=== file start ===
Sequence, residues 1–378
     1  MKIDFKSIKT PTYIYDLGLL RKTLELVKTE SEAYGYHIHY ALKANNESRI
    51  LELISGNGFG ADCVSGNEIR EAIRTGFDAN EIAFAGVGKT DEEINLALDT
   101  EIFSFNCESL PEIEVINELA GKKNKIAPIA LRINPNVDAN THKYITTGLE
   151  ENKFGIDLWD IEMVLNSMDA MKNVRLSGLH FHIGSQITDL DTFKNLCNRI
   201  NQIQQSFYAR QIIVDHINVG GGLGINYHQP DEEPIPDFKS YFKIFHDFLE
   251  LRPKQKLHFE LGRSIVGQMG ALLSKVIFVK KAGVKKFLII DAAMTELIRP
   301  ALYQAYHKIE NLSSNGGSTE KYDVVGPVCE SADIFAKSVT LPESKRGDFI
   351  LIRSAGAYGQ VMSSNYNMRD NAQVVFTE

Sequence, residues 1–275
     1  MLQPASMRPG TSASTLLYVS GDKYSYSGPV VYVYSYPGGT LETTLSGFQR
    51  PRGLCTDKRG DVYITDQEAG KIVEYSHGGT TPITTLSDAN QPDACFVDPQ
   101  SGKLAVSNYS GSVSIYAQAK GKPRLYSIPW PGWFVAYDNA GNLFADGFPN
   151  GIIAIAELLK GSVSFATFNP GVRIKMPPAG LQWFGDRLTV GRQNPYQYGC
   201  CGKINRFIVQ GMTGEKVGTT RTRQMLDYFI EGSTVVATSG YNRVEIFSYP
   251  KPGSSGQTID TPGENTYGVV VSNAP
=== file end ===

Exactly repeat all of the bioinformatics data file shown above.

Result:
Sequence, residues 1–378
     1  MKIDFKSIKT PTYIYDLGLL RKTLELVKTE SEAYGYHIHY ALKANNESRI
    51  LELISGNGFG ADCVSGNEIR EAIRTGFDAN EIAFAGVGKT DEEINLALDT
   101  EIFSFNCESL PEIEVINELA GKKNKIAPIA LRINPNVDAN THKYITTGLE
   151  ENKFGIDLWD IEMVLNSMDA MKNVRLSGLH FHIGSQITDL DTFKNLCNRI
   201  NQIQQSFYAR QIIVDHINVG GGLGINYHQP DEEPIPDFKS YFKIFHDFLE
   251  LRPKQKLHFE LGRSIVGQMG ALLSKVIFVK KAGVKKFLII DAAMTELIRP
   301  ALYQAYHKIE NLSSNGGSTE KYDVVGPVCE SADIFAKSVT LPESKRGDFI
   351  LIRSAGAYGQ VMSSNYNMRD NAQVVFTE

Sequence, residues 1–275
     1  MLQPASMRPG TSASTLLYVS GDKYSYSGPV VYVYSYPGGT LETTLSGFQR
    51  PRGLCTDKRG DVYITDQEAG KIVEYSHGGT TPITTLSDAN QPDACFVDPQ
   101  SGKLAVSNYS GSVSIYAQAK GKPRLYSIPW PGWFVAYDNA GNLFADGFPN
   151  GIIAIAELLK GSVSFATFNP GVRIKMPPAG LQWFGDRLTV GRQNPYQYGC
   201  CGKINRFIVQ GMTGEKVGTT RTRQMLDYFI EGSTVVATSG YNRVEIFSYP
   251  KPGSSGQTID TPGENTYGVV VSNAP